Oh my gosh, I loved this book. I really enjoyed Emma Mills’ debut novel, First and Then, but this one blew me away. It was more polished and sophisticated and I really enjoyed the story and its themes. It’s a great coming of age story and I loved the friendships in the book.

This is a story about different relationships and I loved the way that they were explored. At the forefront of the book is a story about friendship but romantic relationships and familial relationships are also interwoven into the narrative. Not only were these different relationships explored wonderfully, they were also extremely relatable and resonated with me throughout the reading experience. The story begins when our main character, Sloane, who has recently moved from New York to Florida, meets some new people at a party. She’s used to being alone and not having close friends but she quickly develops close bonds with these new friends and learns what it’s like to be dependable to them and depend on them too. I loved these coming of age aspects of the book and I connected with them because I’ve always been the same introverted and independent person trying to find the people who I belong with.

I absolutely loved ALL of the characters in this book. There wasn’t a single one that I didn’t like and I especially loved Sloane. She was funny and sarcastic and I highly enjoyed her voice. I related to her story and I appreciated her coming of age journey. I also loved her group of friends, Vera, Gabe, Aubrey and Remy. I thought they were all extremely realistic characters and their stories were also relatable and believable. The characters are also likeable from the  very first moment that you meet them, which is sometimes rare in YA, and I really appreciated that. I also absolutely fell in love with Sloane’s family. Her dad is a pretty major side character in the book and he was so funny and adorable, and I also really loved Sloane’s 9 year old sister, Laney. She was the sweetest! I also highly enjoyed the romance in this book. It was very low key and I appreciated that it didn’t take over the whole story.

“We should all find something to be weirdly passionate about, don’t you think?”

What I also loved in this book were the different arty hobbies. Sloane’s father is a writer who’s going through writer’s block and he’s rediscovering his love for writing through his obsession with fanfiction. There are a lot of fandom things in the book that readers can definitely identify with and I loved all the shipping that the characters were doing. I also enjoyed the art aspect of the story that ties in with the cover of the novel and I really loved the search that Sloane did for her friends’ painting, and how that brought her closer to some of the other characters.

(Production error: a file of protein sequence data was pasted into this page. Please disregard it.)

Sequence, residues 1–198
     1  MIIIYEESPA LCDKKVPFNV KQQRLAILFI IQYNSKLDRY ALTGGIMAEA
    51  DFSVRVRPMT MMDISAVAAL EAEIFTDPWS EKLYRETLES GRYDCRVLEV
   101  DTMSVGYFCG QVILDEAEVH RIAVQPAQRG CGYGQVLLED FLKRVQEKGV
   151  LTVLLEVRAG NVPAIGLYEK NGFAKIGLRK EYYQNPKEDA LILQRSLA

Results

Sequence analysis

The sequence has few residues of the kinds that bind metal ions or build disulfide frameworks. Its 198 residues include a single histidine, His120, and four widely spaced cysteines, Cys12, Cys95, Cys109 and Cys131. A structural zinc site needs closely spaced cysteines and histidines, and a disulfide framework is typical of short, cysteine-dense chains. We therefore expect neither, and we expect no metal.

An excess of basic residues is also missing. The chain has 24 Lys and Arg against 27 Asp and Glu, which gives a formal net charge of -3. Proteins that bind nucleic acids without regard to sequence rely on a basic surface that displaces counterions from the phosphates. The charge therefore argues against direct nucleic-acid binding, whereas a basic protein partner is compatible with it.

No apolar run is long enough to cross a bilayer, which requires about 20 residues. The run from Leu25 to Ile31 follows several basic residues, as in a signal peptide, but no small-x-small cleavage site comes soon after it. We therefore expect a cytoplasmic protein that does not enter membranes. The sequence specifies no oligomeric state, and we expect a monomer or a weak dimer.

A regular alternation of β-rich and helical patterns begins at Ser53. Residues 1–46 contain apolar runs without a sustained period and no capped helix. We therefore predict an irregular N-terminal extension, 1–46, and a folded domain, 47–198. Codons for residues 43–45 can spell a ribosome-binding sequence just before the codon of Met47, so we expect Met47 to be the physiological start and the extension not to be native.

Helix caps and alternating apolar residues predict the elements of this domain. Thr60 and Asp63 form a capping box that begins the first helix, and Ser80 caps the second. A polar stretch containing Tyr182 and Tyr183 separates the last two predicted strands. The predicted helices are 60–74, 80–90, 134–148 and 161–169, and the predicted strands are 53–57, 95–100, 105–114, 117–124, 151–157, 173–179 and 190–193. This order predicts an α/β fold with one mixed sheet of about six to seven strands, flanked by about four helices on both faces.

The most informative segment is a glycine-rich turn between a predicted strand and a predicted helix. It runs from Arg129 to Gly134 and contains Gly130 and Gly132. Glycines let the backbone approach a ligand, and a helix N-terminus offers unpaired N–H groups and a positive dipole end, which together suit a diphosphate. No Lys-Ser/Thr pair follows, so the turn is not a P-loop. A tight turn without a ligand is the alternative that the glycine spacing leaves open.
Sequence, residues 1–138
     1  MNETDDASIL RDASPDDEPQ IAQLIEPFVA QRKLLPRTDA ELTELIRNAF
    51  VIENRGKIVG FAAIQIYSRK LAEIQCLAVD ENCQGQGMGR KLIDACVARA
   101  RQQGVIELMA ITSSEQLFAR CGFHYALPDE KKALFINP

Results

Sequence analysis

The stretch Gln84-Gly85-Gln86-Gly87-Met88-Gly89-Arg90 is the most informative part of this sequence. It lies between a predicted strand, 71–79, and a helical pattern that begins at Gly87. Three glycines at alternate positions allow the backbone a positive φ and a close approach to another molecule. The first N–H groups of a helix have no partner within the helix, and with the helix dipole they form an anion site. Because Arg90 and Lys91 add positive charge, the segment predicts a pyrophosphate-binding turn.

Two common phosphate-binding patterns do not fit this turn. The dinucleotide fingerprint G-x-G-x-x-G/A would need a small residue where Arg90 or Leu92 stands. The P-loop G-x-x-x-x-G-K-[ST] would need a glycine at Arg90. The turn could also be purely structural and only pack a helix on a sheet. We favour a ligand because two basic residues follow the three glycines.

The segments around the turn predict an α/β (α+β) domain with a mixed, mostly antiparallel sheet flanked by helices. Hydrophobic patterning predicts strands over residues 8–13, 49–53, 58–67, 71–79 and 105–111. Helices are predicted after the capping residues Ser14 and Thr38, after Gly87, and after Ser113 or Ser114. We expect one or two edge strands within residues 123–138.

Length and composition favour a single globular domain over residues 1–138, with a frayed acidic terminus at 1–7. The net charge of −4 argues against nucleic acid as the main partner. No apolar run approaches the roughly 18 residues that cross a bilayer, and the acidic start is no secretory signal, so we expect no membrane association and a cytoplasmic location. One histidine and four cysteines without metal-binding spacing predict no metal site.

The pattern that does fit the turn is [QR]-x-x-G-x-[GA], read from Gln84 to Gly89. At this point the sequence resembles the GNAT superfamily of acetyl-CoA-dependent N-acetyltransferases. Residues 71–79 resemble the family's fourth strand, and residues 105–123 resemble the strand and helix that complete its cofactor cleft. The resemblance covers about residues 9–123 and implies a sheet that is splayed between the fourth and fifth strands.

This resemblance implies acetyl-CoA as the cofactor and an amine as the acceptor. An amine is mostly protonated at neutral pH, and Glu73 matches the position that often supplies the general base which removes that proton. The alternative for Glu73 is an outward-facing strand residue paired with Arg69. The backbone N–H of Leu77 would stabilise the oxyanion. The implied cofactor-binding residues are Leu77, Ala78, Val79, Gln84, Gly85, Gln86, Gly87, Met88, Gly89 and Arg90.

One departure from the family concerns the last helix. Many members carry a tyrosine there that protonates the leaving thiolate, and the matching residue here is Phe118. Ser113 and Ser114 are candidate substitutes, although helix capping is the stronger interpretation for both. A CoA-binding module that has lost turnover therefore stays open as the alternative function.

There’s not a lot  that I didn’t love about This Adventure Ends. I loved the writing, the characters and the themes of the book. It’s a slow-paced book but the messages and the coming of age story is extremely beautiful.

Review: Children of Eden by Joey Graceffa & Laura L. Sullivan

children-of-eden Publisher: Keywords Press
Release date: October 4, 2016
Format: Hardcover
Source: Purchased
Pages: 278
Goodreads || Book Depository

Rowan is a Second Child in a world where population control measures make her an outlaw, marked for death. She can never go to school, make friends, or get the eye implants that will mark her as a true member of Eden. Her kaleidoscope eyes will give her away to the ruthless Center government.

Outside of Eden, Earth is poisoned and dead. All animals and most plants have been destroyed by a man-made catastrophe. Long ago, the brilliant scientist Aaron al Baz saved a pocket of civilization by designing the EcoPanopticon, a massive computer program that hijacked all global technology and put it to use preserving the last vestiges of mankind. Humans will wait for thousands of years in Eden until the EcoPan heals the world.

As an illegal Second Child, Rowan has been hidden away in her family’s compound for sixteen years. Now, restless and desperate to see the world, she recklessly escapes for what she swears will be only one night of adventure. Though she finds an exotic world, and even a friend, the night leads to tragedy. Soon Rowan becomes a renegade on the run – unleashing a chain of events that could change the world of Eden forever.

MY THOUGHTS

3 stars

I had been seeing Children of Eden around for a while and the synopsis sounded interesting enough that I eventually picked it up. There are two things that you should note about this book before picking it up. The first is that this book isn’t written solely by Joey Graceffa. Despite there being no indication on the cover, it clearly states on the title page that it was written with Laura L. Sullivan. The second thing is that, while this book is ostensibly a standalone, it really is not. The story does not end with any kind of resolution and actually leaves more questions than have been answered. There is definitely a sequel planned for this book.